Although chemotherapy is one of the most common – and powerful – forms of mesothelioma treatment, there are other things that you must do in order to stay healthy while fighting this disease. Exercise will keep you physically fit, smoking cessation is vital and a nutritious diet supports well-being.
But when it comes to eating, there’s a problem: the side effects of chemotherapy – appetite changes, nausea, vomiting, fatigue, tenderness in the mouth and complications with bowel movements – may make food the last thing on your mind.
Still, you need to eat. And it’s not just the vitamins and minerals you need. Protein is also very important.
What does dietary protein do?
Government health experts estimate that protein makes up 15 percent of your body weight. When most people think of the effects of consuming a good amount of protein, they may call to mind muscle-bound bodybuilders. While it is true that dietary protein is essential to the proper function of and structure of muscles, its importance to health runs far deeper. At the microscopic level, protein allows cells to carry out various tasks, such as transporting molecules and breaking down toxins. Ultimately, protein helps you grow, fight infection and heal tissue damage.
Why is protein important during chemotherapy?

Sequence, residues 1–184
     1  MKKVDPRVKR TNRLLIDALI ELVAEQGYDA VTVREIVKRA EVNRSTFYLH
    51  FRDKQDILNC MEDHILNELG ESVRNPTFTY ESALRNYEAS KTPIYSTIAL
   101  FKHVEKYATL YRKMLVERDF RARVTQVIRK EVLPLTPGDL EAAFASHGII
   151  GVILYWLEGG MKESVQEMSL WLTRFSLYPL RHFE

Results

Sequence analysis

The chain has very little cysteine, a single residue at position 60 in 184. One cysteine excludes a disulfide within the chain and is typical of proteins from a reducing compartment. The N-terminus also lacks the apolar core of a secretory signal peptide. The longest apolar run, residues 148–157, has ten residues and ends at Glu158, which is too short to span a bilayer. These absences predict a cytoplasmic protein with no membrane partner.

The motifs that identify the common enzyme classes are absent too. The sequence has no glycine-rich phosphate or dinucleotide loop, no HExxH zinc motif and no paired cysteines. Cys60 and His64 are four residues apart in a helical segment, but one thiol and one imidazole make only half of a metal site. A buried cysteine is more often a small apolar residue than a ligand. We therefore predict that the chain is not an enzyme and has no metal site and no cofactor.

When most mesothelioma patients receive chemotherapy medications, the drugs circulate throughout the entire body. That means that they are not simply killing cancerous cells – they are also destroying healthy cells as well. Experts from the American Cancer Society (ACS) say that the most vulnerable areas of the body include the hair, bone marrow and lining of the gastrointestinal tract.
This can make you feel less energetic, nauseous and unwilling to eat. That’s a problem, because a sufficient amount of protein is necessary to help your body fight the disease.
Adjust your eating habits to increase protein intake
Experts from Stanford Medicine estimate that healthy people need between 45 and 60 grams of protein every day in order to stay healthy. Cancer patients undergoing treatment may need more.
The ACS has several quick tips to help cancer patients increase protein intake:
- Eat several smaller meals throughout the day instead of three large ones.
- Don’t wait until you’re hungry to eat.
- Drink high-protein liquids or supplemental shakes.
- Sneak in a little exercise before eating to increase your appetite.
Those who are on a chemotherapy regimen may find it helpful to eat a light meal or snack an hour or so before treatment. If a medication session is expected to run long, bringing another snack along may be a good idea.
Examples of high protein foods include dairy, eggs, meat, poultry, fish, beans, seeds, nuts and legumes.
If the side effects of chemotherapy are a problem, choosing certain items will help you work around specific symptoms.
In case you’re nauseous:
- Eat boiled or baked meat, hard-boiled eggs, non-fat yogurt, low-fat pudding or cream soups made with low-fat milk.
- Avoid fatty and fried meat, fried eggs, milkshakes made with whole dairy and pastries.
If diarrhea is a problem:
- Eat baked or broiled meat or fish, eggs, buttermilk, yogurt or cheese.
- Stay away from fried, fatty or gristly meat, as well as dairy products (with the exception of buttermilk or yogurt).
If you have any more questions about the best foods that you can eat, you should feel free to talk to your doctor. He or she may be able to recommend good supplemental shakes. Furthermore, it would be a good idea to discuss how chemotherapy is affecting your ability to eat.